Emerging in the wake of Sophia Loren's
international success, Claudia Cardinale was originally
touted as Italy's answer to Brigitte
Bardot; while never attaining a measure of global stardom
comparable to either performer, she nevertheless proved
herself a highly capable actress, working with many of the
most renowned filmmakers in world cinema. Born in Tunisia
on April 15, 1938, Cardinale first attracted attention in
1957 after winning the "Most Beautiful Girl in Tunisia"
contest; her prize was a trip to the Venice Film Festival,
inspiring her to pursue a career in acting. After studying
at Rome's Centro Sperimentale film school, she made her
screen debut in 1958 in Mario Monicelli's classic caper
comedy I Soliti Ignoti, followed a year later by
Pietro Germi's Un Maledetto Imbroglio.
Under the guidance of producer Franco Cristaldi (later
to become her husband), Cardinale emerged as a major sex
symbol; however, she also continued to appear with highly
regarded filmmakers, including Abel Gance (The Battle
of Austerlitz), Luchino Visconti (Rocco E I Suoi
Fratelli), and Philippe de Broca (1962's Cartouche).
In 1963, Cardinale received her widest exposure to date,
playing herself the object of star Marcello Mastroianni's
fantasies in Federico Fellini's masterpiece 8
1/2. That same year, she also appeared in Visconti's
epic Il Gattopardo. Their combined success piqued
Hollywood's interest, and in 1964 she co-starred in her
first American production, Henry Hathaway's Circus World.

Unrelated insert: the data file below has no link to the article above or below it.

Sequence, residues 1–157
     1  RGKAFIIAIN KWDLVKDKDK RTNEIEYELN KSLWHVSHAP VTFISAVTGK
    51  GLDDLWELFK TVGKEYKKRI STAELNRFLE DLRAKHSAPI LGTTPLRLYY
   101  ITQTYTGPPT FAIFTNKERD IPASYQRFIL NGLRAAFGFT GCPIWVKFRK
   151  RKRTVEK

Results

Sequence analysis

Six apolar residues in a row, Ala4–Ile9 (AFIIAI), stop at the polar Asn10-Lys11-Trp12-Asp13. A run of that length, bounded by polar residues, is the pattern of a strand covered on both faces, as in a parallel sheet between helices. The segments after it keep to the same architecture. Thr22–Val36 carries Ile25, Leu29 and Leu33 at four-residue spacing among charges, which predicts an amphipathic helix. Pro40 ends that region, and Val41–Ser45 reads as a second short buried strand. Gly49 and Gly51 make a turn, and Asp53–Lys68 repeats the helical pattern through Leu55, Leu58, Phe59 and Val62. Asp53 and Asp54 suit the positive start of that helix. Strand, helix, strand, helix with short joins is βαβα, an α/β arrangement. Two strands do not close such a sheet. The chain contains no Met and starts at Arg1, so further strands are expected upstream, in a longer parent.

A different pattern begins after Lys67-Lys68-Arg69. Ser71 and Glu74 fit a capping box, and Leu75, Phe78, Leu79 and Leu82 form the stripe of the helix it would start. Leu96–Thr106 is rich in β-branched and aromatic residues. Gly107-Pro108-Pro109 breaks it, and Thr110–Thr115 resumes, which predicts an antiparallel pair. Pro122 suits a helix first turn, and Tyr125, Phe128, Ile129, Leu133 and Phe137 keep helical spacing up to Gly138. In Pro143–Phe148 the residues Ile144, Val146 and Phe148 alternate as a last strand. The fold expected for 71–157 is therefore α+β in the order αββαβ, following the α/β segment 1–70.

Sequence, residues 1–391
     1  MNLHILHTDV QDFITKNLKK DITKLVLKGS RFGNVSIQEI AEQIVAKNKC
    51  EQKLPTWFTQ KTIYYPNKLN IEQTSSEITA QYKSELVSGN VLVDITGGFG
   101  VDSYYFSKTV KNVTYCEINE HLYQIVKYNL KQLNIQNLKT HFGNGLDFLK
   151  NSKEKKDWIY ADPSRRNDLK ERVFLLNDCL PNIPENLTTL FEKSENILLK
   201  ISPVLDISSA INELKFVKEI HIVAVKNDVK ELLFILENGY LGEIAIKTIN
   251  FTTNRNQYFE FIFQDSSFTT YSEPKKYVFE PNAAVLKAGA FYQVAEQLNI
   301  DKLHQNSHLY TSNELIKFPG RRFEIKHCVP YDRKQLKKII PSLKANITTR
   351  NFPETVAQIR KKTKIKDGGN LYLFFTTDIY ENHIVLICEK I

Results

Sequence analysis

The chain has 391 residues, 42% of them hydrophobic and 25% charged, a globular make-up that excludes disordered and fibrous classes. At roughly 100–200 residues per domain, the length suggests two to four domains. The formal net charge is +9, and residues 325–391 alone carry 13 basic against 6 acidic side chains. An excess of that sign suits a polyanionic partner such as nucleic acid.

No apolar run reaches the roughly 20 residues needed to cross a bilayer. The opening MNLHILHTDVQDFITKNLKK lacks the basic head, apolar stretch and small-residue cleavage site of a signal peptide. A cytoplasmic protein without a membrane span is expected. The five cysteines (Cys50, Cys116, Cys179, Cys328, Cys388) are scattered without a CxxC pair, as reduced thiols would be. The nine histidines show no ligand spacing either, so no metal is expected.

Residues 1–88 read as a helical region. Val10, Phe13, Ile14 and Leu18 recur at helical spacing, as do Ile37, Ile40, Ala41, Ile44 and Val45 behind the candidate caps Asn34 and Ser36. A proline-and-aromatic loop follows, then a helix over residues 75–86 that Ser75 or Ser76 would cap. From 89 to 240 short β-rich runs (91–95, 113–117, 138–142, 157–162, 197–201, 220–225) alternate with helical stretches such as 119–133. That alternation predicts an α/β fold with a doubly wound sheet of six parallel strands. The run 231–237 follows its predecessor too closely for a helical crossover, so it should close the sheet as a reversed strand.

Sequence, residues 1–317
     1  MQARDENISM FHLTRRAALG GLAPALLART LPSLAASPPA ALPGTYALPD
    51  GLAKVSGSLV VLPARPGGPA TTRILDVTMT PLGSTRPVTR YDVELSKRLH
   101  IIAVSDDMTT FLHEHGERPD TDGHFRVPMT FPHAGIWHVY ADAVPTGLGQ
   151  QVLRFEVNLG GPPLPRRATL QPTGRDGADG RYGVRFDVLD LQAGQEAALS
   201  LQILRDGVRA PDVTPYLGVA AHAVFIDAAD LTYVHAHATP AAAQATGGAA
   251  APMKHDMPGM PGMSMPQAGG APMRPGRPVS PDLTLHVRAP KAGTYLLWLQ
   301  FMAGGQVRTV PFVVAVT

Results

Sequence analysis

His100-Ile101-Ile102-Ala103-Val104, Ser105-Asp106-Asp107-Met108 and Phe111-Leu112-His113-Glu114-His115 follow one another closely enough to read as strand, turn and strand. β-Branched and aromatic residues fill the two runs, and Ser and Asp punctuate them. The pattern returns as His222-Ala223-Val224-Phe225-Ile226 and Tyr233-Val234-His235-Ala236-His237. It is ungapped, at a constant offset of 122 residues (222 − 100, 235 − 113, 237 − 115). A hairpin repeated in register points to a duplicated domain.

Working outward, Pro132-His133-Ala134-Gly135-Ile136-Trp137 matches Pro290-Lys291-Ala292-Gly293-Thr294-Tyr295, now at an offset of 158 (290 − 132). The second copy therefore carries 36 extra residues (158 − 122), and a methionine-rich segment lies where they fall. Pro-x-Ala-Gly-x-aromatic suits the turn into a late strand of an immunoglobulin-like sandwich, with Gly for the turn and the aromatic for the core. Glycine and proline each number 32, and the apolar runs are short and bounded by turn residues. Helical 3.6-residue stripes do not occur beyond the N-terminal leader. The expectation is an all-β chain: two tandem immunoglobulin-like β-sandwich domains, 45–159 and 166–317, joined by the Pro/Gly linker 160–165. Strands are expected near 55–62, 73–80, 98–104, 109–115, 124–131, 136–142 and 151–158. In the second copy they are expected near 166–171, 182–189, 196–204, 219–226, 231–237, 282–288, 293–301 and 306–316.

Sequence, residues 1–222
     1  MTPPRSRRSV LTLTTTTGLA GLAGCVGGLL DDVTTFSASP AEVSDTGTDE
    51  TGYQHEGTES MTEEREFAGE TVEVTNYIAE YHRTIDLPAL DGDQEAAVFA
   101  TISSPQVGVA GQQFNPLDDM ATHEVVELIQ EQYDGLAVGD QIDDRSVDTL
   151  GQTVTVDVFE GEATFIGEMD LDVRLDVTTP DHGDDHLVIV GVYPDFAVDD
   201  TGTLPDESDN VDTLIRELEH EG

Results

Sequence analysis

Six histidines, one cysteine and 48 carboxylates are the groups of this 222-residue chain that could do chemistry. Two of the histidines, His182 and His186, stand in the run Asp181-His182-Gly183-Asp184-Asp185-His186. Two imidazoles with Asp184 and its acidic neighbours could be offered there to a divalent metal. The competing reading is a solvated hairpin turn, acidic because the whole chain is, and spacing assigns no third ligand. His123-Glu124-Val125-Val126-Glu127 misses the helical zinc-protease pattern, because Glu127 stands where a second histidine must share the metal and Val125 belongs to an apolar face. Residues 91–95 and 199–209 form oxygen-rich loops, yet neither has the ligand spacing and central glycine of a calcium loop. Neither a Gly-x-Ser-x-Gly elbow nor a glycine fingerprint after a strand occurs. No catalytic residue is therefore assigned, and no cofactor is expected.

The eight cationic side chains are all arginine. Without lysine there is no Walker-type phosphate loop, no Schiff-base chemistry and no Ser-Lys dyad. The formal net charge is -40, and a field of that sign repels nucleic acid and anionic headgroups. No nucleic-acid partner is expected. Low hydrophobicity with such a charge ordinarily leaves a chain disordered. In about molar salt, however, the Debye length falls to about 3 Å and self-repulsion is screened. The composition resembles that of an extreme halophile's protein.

She also appeared opposite Peter Sellers in Blake Edwards'
Cardinale continued dividing her time between Hollywood
and Europe for the remainder of the decade, appearing in
diverse projects ranging from the 1965 Visconti war drama
Vaghe Stelle dell'Orsa to the 1966 Richard Brooks
Western The Professionals. In 1968, she also co-starred
in the Sergio Leone classic Once
Upon a Time in the West. However, with the 1969
Mikhail Kalatozov adventure La Tenda Rossa, Cardinale
began appearing almost exclusively in European films, few
of which were distributed in English-language markets. As
a result, she was largely a memory when she resurfaced in
the 1976 hit The Pink Panther Strikes Again. A year
later, she also co-starred in the television miniseries
Jesus of Nazareth. Cardinale's next high-profile
international project was the 1982 Werner Herzog art-house
hit Fitzcarraldo. She followed it with another miniseries,
1983's Princess Daisy, then again remained in Europe
prior to the 1993 flop Son of the Pink Panther.